‘I’m going to miss it’
Published 5:50 pm Friday, July 31, 2020
Albert Lea barber retires after 52 years at same location
“The barber has left the building.”
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After 52 years behind the chair, Gary Thompson said those words upon finishing his last professional haircut at Southside Barber Shop on Friday.
Thompson has been at the shop in its same location, 220 E. Seventh St. in Albert Lea, his entire career, and has been the sole barber there for the last 50 years. The barber shop will close with his retirement, and he said a beauty parlor will take over the lease and plans to renovate the building.
Thompson first got into cutting hair due to his uncle, who was a barber as well. He influenced Thompson and mentored him, something Thompson has tried to do for others throughout his career.
“You’ve got to be a good listener,” he said.
Thompson’s father was his first client.
“He actually paid for it,” he said with a laugh. “But he’s been free ever since.”
Southside Barber Shop could have used a revolving door Friday as people continuously stopped in to wish Thompson, who will be 75 in September, well in retirement.
“I guess I’m not going to get my hair cut anymore,” one visitor said.
“It’s probably free then, isn’t it?” another chimed in.
The traditional barber shop conversational atmosphere was alive and well for Thompson’s last day, with a half a century’s-worth of jokes and stories flying.
“I hate to tell you this, but that’s the best you’re going to look for a long time,” Thompson said to one customer as he finished his haircut.
“I’m just teasing,” he continued, winking. “You don’t have to be a good barber, you just have to be a good talker.”
Bob Armon was Thompson’s last appointment. Thompson teased him about his longer hair — which hadn’t been cut since February due to the COVID-19 pandemic closing down salons and barbershops for months. Armon wasn’t about to let anyone else touch his hair but Thompson in the meantime.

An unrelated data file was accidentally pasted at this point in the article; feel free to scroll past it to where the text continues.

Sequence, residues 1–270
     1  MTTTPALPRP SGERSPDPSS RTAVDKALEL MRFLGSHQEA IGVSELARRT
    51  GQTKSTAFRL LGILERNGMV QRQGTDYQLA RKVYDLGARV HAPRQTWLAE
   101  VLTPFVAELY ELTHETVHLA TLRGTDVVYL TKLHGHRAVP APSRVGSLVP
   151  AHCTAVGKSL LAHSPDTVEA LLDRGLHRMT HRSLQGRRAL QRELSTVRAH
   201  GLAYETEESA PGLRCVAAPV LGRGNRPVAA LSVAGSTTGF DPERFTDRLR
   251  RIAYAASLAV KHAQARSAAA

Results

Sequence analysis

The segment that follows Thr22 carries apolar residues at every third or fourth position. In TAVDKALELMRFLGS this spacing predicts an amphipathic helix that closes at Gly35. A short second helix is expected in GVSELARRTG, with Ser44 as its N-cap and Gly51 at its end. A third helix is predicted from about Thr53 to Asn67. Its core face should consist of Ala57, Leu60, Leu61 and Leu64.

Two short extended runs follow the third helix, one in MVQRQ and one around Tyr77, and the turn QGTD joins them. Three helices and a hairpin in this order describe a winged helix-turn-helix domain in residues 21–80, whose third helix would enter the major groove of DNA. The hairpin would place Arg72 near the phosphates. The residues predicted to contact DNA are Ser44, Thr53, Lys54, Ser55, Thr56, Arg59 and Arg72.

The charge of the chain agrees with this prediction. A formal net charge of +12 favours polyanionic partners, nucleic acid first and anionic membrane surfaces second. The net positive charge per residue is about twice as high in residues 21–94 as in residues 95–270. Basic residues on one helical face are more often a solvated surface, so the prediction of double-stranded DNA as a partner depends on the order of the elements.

“I need that once-a-month fill of harassment to keep me in order,” Armon said jokingly.
“It was worth the wait.”
Upon having his haircut finished, Armon tipped Thompson with 52 one-dollar bills — one for every year of his career.
“I wish I could have had many more years with you,” Armon said to him.
As his career came to a bittersweet close, Thompson hugged his wife, Ginny, and thanked her for sticking it out with him, especially in the tougher early years when he was starting the business.
“She’s been the best partner in the whole world,” Thompson later said of his wife.
Leaving the shop isn’t easy, he said. He has watched his clients grow up, cutting hair for four generations of customers in some cases. His own children, sons-in-law and grandchildren have been clients as well.
“I think it was just time for me,” he said on his decision to retire this year. “It’s the customers that have kept me here this long. Thank you for all the memories and good times we’ve had.”
Thompson hopes he has been able to show his children and grandchildren, as well as the rest of his customers, how important it is to enjoy what they do.
“Be proud of what you do,” he said. “It was a pleasure coming to work every day. I’ve really enjoyed it, and I’m going to miss it.”